I’m writing this from the tropical paradise that is Northern Queensland, Australia. We’ve been staying just north of Cairns at the hotel Paradise on the beach at Palm Cove. It certainly lives up to its name, with sea-washed beaches fringed with palm trees.
The sights and sounds inevitably make me think of the magic isle in The Tempest, which “must needs be of subtle, tender and delicate temperance…The air breathes upon us here most sweetly”. And Gonzalo, ever the optimist, declares:
Here is everything advantageous to life!
How lush and lusty the grass looks! How green!
But here, too, are natural hazards: jellyfish (bottles of vinegar are posted by the beach to counteract the stings), crocodiles (warnings everywhere), and sharks. Not far from here a woman was taken by a crocodile only a few weeks ago. We haven’t been near the water much except for the swimming pool.
The references to Shakespeare have been few and far between, though we thought we had hit the jackpot this morning on a walk to the neighbouring village of Clifton Beach. There we found an apartment block called Agincourt, and just nearby a road sign proclaims St Crispin Road. We asked a couple of ladies standing nearby if they were aware of a Shakespeare connection.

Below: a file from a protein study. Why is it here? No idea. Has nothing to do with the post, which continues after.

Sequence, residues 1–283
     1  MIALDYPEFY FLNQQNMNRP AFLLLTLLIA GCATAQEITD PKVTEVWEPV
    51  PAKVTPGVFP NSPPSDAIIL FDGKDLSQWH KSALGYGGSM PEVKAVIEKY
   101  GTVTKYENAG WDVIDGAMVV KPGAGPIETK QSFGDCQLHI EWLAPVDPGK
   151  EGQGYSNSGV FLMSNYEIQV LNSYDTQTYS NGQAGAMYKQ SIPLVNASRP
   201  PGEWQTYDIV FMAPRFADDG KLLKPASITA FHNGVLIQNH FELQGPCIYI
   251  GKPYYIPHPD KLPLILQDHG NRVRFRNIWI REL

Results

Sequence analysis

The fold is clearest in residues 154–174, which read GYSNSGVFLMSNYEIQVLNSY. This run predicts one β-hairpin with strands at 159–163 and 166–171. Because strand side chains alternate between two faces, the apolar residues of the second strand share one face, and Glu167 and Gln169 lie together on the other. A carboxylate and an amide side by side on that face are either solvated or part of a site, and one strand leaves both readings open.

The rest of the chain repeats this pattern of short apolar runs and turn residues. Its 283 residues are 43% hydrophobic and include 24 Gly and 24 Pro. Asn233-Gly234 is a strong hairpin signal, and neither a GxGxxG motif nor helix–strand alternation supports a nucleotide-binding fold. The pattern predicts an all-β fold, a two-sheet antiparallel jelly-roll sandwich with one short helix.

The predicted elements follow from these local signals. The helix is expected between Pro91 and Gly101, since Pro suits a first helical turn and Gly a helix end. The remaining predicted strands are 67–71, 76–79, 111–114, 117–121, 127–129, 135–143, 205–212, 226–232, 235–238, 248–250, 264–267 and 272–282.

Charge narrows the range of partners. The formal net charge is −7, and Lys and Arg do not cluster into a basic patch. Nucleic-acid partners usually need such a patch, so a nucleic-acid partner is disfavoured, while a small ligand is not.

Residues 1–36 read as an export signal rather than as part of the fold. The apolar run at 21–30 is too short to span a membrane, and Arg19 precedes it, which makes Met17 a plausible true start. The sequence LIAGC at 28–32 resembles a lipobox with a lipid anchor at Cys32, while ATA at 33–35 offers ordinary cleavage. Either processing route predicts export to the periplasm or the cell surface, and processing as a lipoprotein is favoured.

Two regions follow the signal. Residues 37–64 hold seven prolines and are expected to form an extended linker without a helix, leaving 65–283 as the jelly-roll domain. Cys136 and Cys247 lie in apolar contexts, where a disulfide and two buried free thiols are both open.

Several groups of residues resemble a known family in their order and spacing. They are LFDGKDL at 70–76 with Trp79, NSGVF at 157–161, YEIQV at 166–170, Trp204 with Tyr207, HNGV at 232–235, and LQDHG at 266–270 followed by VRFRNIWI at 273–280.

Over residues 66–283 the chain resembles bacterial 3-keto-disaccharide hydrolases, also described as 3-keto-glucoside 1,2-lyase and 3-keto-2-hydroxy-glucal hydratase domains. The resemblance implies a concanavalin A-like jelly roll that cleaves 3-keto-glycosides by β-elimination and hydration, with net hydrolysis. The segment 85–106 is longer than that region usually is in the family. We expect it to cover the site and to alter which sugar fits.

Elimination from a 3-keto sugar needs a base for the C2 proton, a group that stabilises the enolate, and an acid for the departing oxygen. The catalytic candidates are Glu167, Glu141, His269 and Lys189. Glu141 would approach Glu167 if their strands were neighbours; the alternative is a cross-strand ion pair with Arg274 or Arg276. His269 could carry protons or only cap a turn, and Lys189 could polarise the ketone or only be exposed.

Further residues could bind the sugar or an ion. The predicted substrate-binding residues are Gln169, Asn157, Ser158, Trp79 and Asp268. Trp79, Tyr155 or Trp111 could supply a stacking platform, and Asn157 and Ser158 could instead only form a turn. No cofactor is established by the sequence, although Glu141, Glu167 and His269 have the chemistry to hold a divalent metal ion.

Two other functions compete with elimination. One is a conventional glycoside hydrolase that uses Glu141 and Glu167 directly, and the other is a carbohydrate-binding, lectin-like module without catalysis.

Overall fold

Oh, no, they said, lots of features of the village were names after the reefs. The Agincourt reef, or reefs, are on the very edge of the Great Barrier Reef near to the continental shelf. St Crispin reef is nearby. We had already been interested in the names of some of the reefs. A few days ago we had visited Michaelmas Cay, a tiny spit of sand barely above sea level, barren of any plants but inhabited by thousands of sea birds.
We had thought that, perhaps, these had been named during Captain James Cook’s voyage in 1770 when he mapped the eastern coast of Australia. He is known to have named Magnetic Island, near to Townsville, where we travel next for the Australian Chamber Music Festival, and Green Island was named by him in memory of astronomer Charles Green who was also on the Endeavour. Maybe, we thought, Cook had spotted Michaelmas Cay at the end of September, and Agincourt reef in October? But a little research revealed that Cook had visited Australia only between April and August, spending some weeks ashore mending the Endeavour after it had been damaged by sailing into the reef.
So Cook does not seem to have any role in naming these reefs, and I’ve found a note that Michaelmas Cay was still being called Oyster Cay in 1849. Other parts of the reef have interesting names that may hark back to the same period, including West End, Three Sisters, and even Stonehenge. Perhaps they were given these names during the mid-nineteenth century when people were being transported from England and the British Empire was at its most powerful. It’s good to see that now some efforts are being made to recognise the importance of the reefs to indigenous people, but there’s no sign of their traditional names being adopted again. Cook’s meetings with the aborigines was always guarded, or downright hostile. They certainly didn’t react like Caliban did to the Europeans he encountered, offering:
I’ll show thee the best springs, I’ll pluck thee berries;
I’ll fish for thee and get thee wood enough.
Probably the difference between fact and fiction.